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MADISON, Wis. (AP) — Russ Feingold announced Thursday he will run to reclaim the U.S. Senate seat he lost five years ago to Republican Ron Johnson, fulfilling the hopes of Democrats who have been pushing for the liberal to return to political office.
Feingold said in a 90-second video to supporters that he will run for the seat in 2016. He likely will face the incumbent Johnson, a political newcomer when he defeated Feingold by 5 points in 2010. If successful, Feingold would be only the third senator since 1956 to reclaim a seat.
Feingold, 62, served 18 years in the Senate before losing to Johnson. He sat out the 2012 recall election against Gov. Scott Walker, the race for an open Senate seat that fall, and Walker's recall election in 2014. He will be running in a presidential year, when Democratic turnout will likely be stronger in Wisconsin than it was in the 2010 midterm when he lost.
Walker is preparing for a likely presidential run next year and is expected to announce his plans in late June or early July.
In the video announcement filmed inside his home near Madison, Feingold said his "desire to serve is stronger than ever" and that he wants to fight to "bring back to the U.S. Senate strong independence, bipartisanship and honesty."
Feingold said he intends to travel the state this summer "listening carefully to my fellow Wisconsinites talk about their concerns, especially when it comes to their economic well-being."
His entry brings Democrats immediate credibility in the race to regain control of the Senate. The GOP has a 54-44 advantage, with two independents who caucus with Democrats.
Johnson issued a statement hitting on the Republican's narrative that Feingold is a Washington insider who has lost touch with Wisconsin voters.
"While I was building a small manufacturing business and creating real jobs in Oshkosh, Russ was building Washington into the gigantic, debt-ridden, tax-eating, unresponsive, and freedom-squashing government we have today," Johnson said. "Russ Feingold wants more Washington, a more expensive Washington, and a more powerful Washington. I want to empower people. This campaign will give the people of Wisconsin a real choice."
Feingold's signature legislation during 18 years in the Senate was his co-sponsorship with Republican Sen. John McCain of a campaign finance overhaul. The measure, which came to be known as McCain-Feingold, attempted to limit the influence of special interest money by banning soft money — unregulated donations by corporations, unions and the wealthy.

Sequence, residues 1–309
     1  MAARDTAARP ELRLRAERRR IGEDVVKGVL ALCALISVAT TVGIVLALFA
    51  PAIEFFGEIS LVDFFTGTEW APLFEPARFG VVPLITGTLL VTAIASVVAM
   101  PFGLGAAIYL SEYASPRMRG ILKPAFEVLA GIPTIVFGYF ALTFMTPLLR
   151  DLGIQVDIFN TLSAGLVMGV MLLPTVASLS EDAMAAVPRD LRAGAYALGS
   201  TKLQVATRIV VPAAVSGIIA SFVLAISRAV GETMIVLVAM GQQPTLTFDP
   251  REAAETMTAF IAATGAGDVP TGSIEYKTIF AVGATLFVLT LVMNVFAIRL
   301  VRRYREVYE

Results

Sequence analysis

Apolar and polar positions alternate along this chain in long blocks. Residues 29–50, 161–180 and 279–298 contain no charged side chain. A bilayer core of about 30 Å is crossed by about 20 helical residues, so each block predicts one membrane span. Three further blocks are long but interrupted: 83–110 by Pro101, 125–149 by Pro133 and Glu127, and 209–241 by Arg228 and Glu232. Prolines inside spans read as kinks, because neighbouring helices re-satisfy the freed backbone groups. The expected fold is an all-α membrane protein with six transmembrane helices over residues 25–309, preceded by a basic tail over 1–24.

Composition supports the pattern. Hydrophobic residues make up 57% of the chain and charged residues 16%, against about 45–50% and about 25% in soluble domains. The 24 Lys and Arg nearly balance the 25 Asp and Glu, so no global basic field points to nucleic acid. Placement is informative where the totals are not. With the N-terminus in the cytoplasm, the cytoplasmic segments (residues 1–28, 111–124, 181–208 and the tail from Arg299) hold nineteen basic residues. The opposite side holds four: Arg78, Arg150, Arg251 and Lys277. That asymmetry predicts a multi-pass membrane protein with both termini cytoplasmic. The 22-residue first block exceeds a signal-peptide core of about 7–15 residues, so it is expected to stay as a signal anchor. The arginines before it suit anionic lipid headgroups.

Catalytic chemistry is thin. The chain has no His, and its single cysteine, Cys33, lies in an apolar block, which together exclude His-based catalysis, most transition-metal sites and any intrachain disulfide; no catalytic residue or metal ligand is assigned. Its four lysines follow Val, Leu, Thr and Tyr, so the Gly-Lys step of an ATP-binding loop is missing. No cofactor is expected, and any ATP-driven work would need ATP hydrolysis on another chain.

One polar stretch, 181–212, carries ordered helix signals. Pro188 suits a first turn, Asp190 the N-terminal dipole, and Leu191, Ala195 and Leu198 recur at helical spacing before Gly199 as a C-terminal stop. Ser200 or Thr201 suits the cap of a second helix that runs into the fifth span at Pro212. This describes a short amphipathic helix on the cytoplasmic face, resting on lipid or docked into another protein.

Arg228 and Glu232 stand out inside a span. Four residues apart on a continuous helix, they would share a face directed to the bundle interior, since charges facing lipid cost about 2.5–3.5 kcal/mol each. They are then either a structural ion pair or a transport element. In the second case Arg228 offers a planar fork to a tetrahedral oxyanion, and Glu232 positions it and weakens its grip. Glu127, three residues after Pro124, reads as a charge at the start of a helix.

Another key part of that law banning union- and corporate-paid issue ads in the closing days of election campaigns was overturned by the U.S. Supreme Court's Citizens United decision in 2010.
The liberal Feingold had a record of breaking with the Democratic Party during his years in the Senate. He was the only senator to vote against the Patriot Act, which was enacted after the Sept. 11 terrorist attacks to give law enforcement officials greater authority to tap phones and investigate suspected terrorists. He also opposed President Barack Obama's decision to expand the war in Afghanistan and was the first senator to propose a timetable to exit Iraq.
Feingold was a state senator for 10 years before being elected to the Senate for the first time in 1992.
After his defeat while seeking a fourth term, Feingold wrote a book and taught at the Marquette University Law School, Lawrence University and Stanford University. He formed Progressives United, a political action committee, in 2011, and in 2013 he was appointed as an envoy to Great Lakes region of Africa, a position he left in March.
Johnson's victory over Feingold came in his first run for office. The chief executive of a plastics manufacturer in Oshkosh, Johnson emerged as a speaker at tea party rallies in 2010 and spent more than $8 million on the race to defeat Feingold. He has said he will not self-finance his re-election effort.
Johnson ran as an opponent of the federal stimulus plan. In the Senate, he's been outspoken against President Obama's health care law, even filing a lawsuit challenging the requirement that lawmakers and their staff obtain health insurance through the exchanges.
Johnson was among 47 Republican senators who signed a letter to Iranian leaders in March raising doubts about Obama's nuclear negotiations. Johnson defended the letter, but also said he regretted that it wasn't sent as an open letter addressed to no one rather than to Iranian leaders.
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